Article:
Arturia MiniLab MkII: This is a great option if you’re looking for an affordable MIDI controller with 25 keys and 16 pads. It’s perfect for those who want a compact controller that’s easy to transport but still has everything they need to create great music.

Getting Started

Are you interested in producing electronic music but not sure where to start? This guide will walk you through the basics of getting started with producing electronic music. We’ll cover the equipment you’ll need, how to find samples, how to create your own samples, and how to put everything together. By the end of this guide, you’ll have everything you need to start producing your own electronic music.

Creating a project

Creating a project in your DAW is the first step in starting to produce electronic music. In this article, we’ll show you how to do it in 7 steps.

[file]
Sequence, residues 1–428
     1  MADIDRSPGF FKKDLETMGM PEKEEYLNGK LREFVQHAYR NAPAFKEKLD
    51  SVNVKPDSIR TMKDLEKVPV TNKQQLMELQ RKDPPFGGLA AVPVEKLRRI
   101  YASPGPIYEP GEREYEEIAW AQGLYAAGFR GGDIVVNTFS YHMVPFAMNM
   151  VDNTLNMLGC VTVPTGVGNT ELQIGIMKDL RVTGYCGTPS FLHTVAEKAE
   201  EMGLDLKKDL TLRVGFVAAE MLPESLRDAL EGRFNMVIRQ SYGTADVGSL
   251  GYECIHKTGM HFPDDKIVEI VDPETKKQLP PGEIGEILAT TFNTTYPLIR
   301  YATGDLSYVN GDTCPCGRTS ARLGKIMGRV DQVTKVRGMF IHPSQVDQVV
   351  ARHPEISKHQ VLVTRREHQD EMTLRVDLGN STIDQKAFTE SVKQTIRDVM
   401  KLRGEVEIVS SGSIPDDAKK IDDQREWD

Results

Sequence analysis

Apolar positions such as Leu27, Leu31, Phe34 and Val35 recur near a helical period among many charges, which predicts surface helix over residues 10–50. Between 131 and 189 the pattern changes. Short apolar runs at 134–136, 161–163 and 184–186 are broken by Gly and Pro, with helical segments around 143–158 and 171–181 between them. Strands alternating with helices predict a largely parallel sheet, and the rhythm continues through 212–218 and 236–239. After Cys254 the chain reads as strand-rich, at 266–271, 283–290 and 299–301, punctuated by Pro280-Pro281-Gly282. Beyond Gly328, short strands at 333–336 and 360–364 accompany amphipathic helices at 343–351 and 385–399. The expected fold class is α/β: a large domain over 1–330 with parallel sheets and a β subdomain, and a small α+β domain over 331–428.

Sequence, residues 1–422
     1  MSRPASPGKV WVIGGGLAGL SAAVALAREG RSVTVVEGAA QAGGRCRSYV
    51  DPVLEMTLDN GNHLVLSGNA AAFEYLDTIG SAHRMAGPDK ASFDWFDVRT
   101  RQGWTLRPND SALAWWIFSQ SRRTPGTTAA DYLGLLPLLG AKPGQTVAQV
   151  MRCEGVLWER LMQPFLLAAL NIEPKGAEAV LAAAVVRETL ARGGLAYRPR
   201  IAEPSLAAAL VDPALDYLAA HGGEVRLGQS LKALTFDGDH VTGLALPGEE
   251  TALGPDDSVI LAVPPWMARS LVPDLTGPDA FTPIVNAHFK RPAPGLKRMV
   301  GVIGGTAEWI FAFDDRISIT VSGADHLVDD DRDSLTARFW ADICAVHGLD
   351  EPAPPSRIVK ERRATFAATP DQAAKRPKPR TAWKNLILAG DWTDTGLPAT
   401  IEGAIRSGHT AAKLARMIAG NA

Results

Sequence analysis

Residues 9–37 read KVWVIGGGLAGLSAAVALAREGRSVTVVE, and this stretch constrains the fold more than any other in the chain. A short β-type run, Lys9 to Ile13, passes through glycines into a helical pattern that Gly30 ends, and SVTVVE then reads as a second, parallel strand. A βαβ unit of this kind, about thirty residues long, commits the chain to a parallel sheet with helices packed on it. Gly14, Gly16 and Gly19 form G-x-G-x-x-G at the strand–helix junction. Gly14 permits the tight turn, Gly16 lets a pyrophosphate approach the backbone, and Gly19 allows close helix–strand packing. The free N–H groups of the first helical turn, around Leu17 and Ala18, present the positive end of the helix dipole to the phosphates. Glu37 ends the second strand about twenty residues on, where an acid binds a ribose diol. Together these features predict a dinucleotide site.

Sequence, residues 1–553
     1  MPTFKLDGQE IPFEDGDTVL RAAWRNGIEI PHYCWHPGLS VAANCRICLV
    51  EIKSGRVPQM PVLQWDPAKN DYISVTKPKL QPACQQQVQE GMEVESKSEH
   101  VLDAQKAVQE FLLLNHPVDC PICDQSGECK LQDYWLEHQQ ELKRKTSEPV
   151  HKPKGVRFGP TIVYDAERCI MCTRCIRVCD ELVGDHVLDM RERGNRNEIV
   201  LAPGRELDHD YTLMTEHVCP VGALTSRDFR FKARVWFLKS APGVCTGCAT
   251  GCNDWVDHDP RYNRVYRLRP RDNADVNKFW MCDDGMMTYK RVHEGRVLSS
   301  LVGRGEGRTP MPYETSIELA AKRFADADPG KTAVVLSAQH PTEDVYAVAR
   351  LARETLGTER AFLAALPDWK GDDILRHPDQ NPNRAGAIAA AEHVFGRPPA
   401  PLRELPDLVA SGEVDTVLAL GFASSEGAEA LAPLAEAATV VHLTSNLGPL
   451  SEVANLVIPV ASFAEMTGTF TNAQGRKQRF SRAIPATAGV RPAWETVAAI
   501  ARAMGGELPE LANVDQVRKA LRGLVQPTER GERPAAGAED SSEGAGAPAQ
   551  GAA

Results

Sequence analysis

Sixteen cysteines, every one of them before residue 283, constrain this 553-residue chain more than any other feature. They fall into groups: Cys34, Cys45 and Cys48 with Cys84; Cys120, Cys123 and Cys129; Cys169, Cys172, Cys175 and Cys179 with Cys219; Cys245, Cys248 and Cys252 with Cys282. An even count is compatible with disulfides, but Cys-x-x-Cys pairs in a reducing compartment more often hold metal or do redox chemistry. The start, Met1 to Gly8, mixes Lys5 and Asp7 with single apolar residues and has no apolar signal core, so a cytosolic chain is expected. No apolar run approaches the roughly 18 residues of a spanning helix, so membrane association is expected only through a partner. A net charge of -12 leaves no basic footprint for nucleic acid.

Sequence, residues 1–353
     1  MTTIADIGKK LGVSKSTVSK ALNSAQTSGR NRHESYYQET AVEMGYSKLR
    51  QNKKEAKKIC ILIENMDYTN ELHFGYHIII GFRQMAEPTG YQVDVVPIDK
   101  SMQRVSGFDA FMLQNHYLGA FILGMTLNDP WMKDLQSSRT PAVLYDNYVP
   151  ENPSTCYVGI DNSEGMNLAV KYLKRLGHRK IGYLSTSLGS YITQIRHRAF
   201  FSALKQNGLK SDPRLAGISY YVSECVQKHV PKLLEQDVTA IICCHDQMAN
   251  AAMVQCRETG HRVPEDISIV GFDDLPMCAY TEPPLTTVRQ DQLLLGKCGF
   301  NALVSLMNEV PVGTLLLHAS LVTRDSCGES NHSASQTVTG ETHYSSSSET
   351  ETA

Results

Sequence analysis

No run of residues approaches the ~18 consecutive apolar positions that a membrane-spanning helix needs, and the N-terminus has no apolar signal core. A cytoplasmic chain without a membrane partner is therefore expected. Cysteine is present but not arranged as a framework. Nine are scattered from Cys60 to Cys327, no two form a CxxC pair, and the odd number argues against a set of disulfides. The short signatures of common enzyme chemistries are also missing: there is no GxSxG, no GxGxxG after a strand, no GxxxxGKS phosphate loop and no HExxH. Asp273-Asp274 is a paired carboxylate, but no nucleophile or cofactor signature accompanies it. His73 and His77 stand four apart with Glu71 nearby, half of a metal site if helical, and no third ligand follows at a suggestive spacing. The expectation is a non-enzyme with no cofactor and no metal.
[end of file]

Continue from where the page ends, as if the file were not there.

Adding audio tracks

The first step to learning how to produce electronic music is understanding the basics of adding audio tracks. In your DAW, you will typically have an audio track that already exists on your computer. This track is generally a kick drum, snare drum, or hi-hat track. You can also add audio tracks by recording your own sounds using a microphone, or by downloading sounds from online libraries.

When adding audio tracks, you will need to specify the BPM (beats per minute) of the track. The BPM dictates the tempo of the song, and should be consistent throughout the entire track. You can change the BPM of a track by clicking on the tempo button in your DAW and specifying the new BPM.